For large corporations or cabinet level US Federal, or for large government sponsored agencies throughout the world having a broker internally gives them a couple of layers of control. They can enforce strict you cannot build in the cloud without approval rules. They can also manage the cost and the reality of systems. Look, I’ve moved applications to the cloud at the request of customers many times. I’ve told the customer at the time that the applications didn’t need three, four or more VM’s but I was over ruled. With a metering system in place such as what a broker can offer, you gain the ability to know which systems are over preforming (need to increase the number of VM’s) and which ones are under performing (reduce cost by releasing machines).

DevOpsEffetely and in reality, brokers are inevitable. I believe given the concepts laid out in this paper the broader reality of cloud brokers will become real in a short-term view. By short term I figure 24 months for the rise of the internal agency and large corporation brokers. That is just a good financial decision for the two to make. The city broker is one that will take longer, but is one that will benefit many more people throughout the world.

The last component of the overall concept of brokers is the reality of the coming tide, IoT. The value proposition of the IoT explosion is amazing information. The really bad thing is security and data management. Not traditional data storage, but live feed massive data what do we do with it? That data management layer begs for an IoT broker, given the reality of how devices connect it also calls for an integrated gateway layer that sits in the cloud (there are three available right now, Azure’s IoT device gateway, the IBM BlueMix and the Amazon IoT gateway).

I walked away from the conversation realizing that the distance between where someone is, and the future isn’t how far can they see. It is ultimately being they willing to actually look.


Broker lover, cloud dreamer

The reality of why IT projects fail…well at least on the path to why they fail…

Yesterday I was thinking about a customer problem all day. I know that the problem can be solved but a couple of folks asked some questions that got me thinking about the long and short term answers. Sometimes in the world of technology the short fix, isn’t the best answer. Well the same is true in life so that isn’t unexpected.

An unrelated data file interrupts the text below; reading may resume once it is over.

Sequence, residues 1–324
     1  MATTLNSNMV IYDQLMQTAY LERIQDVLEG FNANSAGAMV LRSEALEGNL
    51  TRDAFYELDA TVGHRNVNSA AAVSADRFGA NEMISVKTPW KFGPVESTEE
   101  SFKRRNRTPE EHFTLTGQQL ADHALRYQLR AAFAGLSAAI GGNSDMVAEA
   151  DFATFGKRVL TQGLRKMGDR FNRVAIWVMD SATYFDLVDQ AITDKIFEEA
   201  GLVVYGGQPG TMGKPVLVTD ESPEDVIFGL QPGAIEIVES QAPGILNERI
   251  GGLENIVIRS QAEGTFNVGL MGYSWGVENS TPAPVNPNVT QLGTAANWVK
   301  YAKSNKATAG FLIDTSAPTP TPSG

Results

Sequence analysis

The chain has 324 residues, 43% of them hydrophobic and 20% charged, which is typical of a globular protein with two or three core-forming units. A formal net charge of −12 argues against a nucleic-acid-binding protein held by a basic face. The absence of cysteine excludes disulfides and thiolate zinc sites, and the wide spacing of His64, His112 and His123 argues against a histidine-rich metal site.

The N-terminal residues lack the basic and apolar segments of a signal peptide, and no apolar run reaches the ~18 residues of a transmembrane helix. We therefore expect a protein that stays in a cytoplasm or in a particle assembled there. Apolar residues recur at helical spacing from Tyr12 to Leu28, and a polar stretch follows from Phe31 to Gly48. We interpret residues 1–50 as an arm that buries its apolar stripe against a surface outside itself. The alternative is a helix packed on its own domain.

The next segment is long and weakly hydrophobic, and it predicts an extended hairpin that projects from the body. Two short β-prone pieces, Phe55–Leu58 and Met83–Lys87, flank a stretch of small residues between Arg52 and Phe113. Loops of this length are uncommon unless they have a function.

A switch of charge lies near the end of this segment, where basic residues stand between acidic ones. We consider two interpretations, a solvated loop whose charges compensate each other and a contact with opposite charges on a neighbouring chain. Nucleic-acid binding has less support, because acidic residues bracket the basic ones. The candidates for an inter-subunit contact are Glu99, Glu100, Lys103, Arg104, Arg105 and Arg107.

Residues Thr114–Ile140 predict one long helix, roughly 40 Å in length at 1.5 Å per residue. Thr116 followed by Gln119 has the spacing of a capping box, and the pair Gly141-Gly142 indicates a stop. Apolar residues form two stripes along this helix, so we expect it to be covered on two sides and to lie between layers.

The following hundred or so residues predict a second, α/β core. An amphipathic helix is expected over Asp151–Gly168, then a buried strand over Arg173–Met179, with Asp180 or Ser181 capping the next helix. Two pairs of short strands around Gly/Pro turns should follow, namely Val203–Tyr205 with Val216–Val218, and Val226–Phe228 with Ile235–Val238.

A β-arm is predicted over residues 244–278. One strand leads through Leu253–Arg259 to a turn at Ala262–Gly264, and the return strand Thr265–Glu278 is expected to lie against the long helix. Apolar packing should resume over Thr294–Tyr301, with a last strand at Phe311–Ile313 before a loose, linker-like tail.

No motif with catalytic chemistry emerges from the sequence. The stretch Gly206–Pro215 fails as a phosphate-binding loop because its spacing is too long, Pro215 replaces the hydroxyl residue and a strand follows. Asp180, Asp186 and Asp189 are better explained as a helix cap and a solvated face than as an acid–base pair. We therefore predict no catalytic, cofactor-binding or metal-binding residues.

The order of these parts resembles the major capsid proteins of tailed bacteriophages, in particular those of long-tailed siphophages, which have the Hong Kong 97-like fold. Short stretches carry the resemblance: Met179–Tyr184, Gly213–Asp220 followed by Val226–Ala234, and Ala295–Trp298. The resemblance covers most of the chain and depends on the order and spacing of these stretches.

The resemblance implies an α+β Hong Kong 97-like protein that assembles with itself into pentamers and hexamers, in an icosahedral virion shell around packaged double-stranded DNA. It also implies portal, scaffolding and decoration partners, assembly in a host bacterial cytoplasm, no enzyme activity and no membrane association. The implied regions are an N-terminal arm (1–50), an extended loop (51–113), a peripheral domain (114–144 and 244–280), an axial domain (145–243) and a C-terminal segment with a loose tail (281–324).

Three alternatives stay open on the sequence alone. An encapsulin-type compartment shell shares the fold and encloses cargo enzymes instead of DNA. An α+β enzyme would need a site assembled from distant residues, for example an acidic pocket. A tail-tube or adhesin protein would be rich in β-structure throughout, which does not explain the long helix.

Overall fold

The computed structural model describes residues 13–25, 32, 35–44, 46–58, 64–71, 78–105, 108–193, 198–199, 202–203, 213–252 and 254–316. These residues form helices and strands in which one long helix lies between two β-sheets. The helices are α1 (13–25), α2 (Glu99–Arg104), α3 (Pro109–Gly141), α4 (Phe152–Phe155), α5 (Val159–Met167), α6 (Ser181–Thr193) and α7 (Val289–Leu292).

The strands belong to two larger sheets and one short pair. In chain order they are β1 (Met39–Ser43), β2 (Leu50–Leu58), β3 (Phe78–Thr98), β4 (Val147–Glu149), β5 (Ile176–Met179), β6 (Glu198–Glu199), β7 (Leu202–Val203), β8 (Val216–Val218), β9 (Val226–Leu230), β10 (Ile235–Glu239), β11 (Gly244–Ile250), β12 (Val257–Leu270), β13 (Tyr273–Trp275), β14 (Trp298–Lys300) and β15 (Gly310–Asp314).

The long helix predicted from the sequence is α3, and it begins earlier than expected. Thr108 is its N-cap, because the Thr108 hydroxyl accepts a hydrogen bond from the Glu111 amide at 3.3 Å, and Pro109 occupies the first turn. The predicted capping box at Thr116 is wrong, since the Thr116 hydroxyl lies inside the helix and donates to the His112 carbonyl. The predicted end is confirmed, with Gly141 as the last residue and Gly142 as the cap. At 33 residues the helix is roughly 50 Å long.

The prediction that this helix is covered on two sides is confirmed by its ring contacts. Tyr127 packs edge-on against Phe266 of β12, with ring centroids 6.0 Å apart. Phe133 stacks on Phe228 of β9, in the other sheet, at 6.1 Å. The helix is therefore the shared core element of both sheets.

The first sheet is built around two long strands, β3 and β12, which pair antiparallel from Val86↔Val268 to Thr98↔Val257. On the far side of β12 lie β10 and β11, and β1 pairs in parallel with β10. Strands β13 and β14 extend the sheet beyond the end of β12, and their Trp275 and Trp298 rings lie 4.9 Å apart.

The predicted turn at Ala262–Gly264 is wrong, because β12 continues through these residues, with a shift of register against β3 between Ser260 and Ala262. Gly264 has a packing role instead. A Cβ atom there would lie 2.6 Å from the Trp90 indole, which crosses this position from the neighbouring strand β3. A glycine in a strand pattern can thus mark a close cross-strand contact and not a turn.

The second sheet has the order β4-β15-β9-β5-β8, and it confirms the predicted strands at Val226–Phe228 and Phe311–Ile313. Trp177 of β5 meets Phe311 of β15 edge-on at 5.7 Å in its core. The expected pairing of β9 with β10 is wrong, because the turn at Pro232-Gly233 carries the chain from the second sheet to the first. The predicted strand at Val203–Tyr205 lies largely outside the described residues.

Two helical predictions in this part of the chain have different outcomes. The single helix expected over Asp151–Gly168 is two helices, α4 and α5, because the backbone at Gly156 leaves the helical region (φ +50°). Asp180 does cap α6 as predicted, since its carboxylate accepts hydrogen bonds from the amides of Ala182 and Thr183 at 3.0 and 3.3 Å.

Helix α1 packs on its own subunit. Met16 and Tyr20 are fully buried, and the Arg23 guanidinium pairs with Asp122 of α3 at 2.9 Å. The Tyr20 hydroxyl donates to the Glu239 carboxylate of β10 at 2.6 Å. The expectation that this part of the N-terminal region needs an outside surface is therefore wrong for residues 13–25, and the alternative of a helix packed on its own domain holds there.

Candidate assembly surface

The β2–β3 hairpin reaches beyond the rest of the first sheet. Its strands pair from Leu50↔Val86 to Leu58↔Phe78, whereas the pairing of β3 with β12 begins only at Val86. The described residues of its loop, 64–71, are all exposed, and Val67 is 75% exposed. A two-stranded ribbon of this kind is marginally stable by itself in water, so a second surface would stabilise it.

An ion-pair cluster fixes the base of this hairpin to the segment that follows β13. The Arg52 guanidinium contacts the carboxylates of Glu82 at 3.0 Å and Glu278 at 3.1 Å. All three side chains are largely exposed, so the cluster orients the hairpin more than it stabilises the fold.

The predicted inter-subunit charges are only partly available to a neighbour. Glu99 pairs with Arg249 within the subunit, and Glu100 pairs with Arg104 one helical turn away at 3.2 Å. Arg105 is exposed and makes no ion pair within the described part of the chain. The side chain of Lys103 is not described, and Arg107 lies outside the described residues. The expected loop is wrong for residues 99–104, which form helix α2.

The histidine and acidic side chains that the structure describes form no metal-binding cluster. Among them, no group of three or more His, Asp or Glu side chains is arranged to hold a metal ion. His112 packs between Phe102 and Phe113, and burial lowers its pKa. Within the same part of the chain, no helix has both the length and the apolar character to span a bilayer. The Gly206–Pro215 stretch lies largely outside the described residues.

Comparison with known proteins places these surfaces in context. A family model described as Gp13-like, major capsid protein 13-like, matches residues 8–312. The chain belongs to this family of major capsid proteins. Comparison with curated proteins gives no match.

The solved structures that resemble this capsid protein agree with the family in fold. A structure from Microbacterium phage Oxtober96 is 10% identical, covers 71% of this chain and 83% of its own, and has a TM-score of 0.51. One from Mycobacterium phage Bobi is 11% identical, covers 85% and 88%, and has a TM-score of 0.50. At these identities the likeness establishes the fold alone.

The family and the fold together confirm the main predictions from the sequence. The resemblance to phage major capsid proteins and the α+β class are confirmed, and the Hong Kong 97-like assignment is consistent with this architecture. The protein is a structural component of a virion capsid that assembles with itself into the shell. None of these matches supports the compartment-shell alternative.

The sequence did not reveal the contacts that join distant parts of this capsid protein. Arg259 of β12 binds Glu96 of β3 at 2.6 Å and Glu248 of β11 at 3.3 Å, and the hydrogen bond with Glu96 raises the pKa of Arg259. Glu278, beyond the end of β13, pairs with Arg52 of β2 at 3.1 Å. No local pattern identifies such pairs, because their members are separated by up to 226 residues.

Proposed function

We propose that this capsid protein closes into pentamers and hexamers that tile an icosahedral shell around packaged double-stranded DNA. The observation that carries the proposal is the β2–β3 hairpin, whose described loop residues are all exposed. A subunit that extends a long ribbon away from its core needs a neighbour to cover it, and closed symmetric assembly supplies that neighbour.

Reality is most customers are driving towards an answer. They bring in consultants with the intent of shaping and delivering enterprise solutions that are effective. They have teams they call enterprise architects, and enterprise architectures teams. These teams lay out the reality of the business problems in front of the organization and map those to available and future technologies. I’ve seen the most beautiful maps of enterprise software solutions in the offices of EA’s. Maps that you look at and you realize that the EA team has spent hours determining not only what is deployed now, but what could be deployed with minor modifications, moderate modification or with a major reworking. Each of the images they have, drawn on neat lines that come together in multiple places. The desktop of users, the desk of the security team and the infrastructure team.

The answer is already there. But it isn’t there. The reality of technology portfolios is that they are not clean and the minor modification bucket is very small. Most organizations live in the moderate to massive modification bucket. The more complex a solution appears, the more likely it will be painful to move it to another platform.

If the solution is simple but integrated to multiple other solutions, it will be hard to move. Finally, the worst one of all, applications that aren’t touched because they have 3 users only to find out the three users of that application are the CEO, COO and CFO of the company and you better get that application moved, tomorrow.

Not trying to change the world with this post. I am not even trying to change IT, just pointing out the thinking process most customers have to go through as they consider change. Change is a huge issue and a great boon of technology.

The thing, I find often in talking to IT departments is they don’t understand always the impact of what they are doing. I used to interview developers and I passed on every single one that didn’t have an answer to the question. What is the business value of the application you built in your last job? You see that is the answer, the value question. Do you as a developer, or an architect or a team leader in the IT department understand the value of what you are doing. If your business makes money selling cars, do you understand how your supply chain works? Who are your primary parts vendors? What is your JIT delivery line look like?